Construction company redeveloping St Albans leisure complex goes into receivership
THE construction company which won the contract to redevelop Westminster Lodge has gone into receivership – only days after St Albans council’s cabinet approved the deal.
Irish building firm Michael McNamara & Co, which is understood to owe in the region of �1.5 billion euros, collapsed last Thursday, nine days after the council’s cabinet authorised the contract for the scheme to build a new sports and leisure centre at Westminster Lodge.
But it had not gone as far as signing the contract for the Westminster Lodge scheme which has been mired in an ongoing row about the size of the proposed pool.
The council was in the process of carrying out final checks on some details of the company’s financial status when it heard that a receiver had been appointed to take over the company.
News of the situation broke just days after preparation work began on the site of the new Westminster Lodge which will be situated on land fronting Holywell Hill close to the Abbey Theatre.
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It entails clearing the site and demolishing a number of buildings.
Cllr Anthony Rowlands, portfolio holder for sport and leisure, said the council had been “prudent” in carrying out further financial checks on the company.
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He explained: “The council is now acting swiftly to ensure that the project to construct the new Westminster Lodge leisure centre does not slip. The council has already begun preparation work on the site and the construction of the leisure centre is due to commence in the New Year once another contractor has been formally appointed.”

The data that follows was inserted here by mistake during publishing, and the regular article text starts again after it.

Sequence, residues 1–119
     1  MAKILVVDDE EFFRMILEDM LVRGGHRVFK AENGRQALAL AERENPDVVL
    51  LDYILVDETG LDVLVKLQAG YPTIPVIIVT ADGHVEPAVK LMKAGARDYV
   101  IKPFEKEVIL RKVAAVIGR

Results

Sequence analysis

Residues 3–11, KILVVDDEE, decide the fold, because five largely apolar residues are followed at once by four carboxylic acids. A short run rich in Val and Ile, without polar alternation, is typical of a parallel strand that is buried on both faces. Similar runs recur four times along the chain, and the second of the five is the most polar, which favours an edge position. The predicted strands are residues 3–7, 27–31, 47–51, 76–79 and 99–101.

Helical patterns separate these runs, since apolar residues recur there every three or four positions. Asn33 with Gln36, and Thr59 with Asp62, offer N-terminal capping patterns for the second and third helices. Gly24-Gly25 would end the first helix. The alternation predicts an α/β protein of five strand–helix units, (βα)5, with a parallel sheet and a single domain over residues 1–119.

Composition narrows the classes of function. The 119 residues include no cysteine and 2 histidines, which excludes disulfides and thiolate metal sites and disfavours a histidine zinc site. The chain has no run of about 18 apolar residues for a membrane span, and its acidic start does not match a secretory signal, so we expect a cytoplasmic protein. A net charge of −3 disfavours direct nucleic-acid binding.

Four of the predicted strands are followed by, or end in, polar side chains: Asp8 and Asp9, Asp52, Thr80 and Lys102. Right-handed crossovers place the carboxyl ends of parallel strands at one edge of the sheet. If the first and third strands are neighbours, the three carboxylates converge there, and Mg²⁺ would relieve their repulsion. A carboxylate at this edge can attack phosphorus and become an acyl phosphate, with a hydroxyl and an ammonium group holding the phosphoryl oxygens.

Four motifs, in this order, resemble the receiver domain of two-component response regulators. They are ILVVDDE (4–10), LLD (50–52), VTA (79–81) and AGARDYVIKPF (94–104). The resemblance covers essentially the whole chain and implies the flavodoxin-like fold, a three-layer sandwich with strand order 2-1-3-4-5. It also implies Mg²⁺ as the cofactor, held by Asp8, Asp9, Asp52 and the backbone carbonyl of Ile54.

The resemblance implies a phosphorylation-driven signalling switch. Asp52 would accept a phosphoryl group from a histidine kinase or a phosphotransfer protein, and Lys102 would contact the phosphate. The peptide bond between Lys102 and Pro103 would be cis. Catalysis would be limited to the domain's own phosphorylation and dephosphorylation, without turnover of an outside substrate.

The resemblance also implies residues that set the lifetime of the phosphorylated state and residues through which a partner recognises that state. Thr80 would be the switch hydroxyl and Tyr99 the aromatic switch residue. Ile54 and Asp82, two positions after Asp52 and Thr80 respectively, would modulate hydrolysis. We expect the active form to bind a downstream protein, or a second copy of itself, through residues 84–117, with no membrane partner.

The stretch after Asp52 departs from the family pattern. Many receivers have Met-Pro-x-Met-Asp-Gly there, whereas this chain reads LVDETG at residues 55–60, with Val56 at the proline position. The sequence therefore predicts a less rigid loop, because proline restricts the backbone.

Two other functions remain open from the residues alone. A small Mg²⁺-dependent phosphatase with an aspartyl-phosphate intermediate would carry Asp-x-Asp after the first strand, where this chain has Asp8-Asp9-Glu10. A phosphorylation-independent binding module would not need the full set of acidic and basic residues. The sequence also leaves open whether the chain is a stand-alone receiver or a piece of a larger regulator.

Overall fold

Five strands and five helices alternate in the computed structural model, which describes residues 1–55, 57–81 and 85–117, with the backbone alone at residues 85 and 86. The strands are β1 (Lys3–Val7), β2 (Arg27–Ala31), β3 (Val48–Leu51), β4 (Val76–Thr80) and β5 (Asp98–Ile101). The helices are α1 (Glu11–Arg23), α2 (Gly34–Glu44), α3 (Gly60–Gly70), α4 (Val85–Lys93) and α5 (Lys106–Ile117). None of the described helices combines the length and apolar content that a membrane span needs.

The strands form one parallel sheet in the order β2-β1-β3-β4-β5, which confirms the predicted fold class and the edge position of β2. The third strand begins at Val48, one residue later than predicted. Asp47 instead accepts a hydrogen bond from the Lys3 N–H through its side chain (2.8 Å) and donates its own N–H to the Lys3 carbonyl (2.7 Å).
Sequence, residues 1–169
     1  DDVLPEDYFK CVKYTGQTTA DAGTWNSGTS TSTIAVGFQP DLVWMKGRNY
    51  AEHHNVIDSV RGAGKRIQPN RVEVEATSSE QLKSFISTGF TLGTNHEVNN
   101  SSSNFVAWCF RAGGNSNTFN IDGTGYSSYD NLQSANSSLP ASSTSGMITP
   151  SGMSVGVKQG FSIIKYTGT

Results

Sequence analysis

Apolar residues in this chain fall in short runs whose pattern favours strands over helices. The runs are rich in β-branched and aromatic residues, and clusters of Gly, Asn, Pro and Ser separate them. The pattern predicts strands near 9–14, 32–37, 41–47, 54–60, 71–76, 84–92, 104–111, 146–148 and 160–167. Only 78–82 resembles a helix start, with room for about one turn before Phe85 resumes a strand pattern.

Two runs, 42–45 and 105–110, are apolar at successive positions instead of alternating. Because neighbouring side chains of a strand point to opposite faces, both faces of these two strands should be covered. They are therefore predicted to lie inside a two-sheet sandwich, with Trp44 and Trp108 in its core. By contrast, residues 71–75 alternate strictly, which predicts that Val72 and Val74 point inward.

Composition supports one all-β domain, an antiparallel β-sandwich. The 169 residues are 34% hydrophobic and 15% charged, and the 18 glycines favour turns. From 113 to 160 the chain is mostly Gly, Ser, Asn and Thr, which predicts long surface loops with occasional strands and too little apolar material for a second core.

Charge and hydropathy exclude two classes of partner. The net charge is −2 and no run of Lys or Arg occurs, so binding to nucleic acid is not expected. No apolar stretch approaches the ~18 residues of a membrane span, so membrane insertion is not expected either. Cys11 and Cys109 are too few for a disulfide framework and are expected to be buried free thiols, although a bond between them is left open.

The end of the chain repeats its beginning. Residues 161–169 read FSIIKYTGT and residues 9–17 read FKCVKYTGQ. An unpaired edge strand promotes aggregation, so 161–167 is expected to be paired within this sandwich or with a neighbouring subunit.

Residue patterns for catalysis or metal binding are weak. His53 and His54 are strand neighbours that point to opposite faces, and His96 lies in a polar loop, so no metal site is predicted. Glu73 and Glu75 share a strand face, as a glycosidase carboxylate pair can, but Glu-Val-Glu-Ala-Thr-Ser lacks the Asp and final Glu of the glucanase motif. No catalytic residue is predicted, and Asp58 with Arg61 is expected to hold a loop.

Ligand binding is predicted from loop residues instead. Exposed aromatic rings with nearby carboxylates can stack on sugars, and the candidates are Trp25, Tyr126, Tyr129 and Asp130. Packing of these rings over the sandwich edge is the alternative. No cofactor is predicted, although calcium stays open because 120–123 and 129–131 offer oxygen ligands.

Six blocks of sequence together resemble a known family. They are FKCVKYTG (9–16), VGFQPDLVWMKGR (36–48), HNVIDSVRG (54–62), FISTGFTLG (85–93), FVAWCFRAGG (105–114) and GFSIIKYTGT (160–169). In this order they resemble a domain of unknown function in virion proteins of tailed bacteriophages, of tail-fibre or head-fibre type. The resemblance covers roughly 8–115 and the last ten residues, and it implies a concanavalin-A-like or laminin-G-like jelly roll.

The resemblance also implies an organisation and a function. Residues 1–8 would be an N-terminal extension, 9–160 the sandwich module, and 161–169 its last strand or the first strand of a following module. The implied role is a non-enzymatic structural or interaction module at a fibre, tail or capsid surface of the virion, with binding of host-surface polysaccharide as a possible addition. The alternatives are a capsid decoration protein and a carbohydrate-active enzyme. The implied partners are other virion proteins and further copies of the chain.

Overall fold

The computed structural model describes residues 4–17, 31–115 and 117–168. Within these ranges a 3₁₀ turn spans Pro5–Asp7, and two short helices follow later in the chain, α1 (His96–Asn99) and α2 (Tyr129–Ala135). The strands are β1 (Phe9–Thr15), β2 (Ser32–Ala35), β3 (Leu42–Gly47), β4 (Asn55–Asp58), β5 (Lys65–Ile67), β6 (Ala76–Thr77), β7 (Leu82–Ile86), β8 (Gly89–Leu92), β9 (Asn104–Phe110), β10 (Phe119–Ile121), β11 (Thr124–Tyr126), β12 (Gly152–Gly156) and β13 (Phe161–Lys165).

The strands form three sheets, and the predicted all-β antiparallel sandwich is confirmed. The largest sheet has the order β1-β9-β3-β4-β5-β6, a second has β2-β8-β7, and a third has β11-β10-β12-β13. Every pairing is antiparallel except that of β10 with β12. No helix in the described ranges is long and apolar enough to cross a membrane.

The Westminster Lodge scheme includes provision for a 25m x eight-lane main pool, a 17m x 10m training pool and a four-court sports hall as well as a fitness gym, exercise studios and a caf�/bistro.
David Gilroy, of the PoolTooSmall campaign group, said the council could not sweep the situation under the carpet and accused the local authority of blundering at every level, technically, financially and professionally.
He called for the systemic failures around the decision to award the contract to McNamara to be eradicated and for council chief executive, Daniel Goodwin, to authorise a three-month full investigation involving his group and local people.
Conservative group leader, Cllr Julian Daly, said that it appeared there had been a return to the accident-prone council of last year’s missing laptops and unenforceable parking tickets.
A report is now to go to the next meeting of one of the council’s overview and scrutiny committees which will be asking who was responsible for assessing the financial strength of the tenders on behalf of the council and why they appeared to have failed to spot the weakness of the cash-strapped company.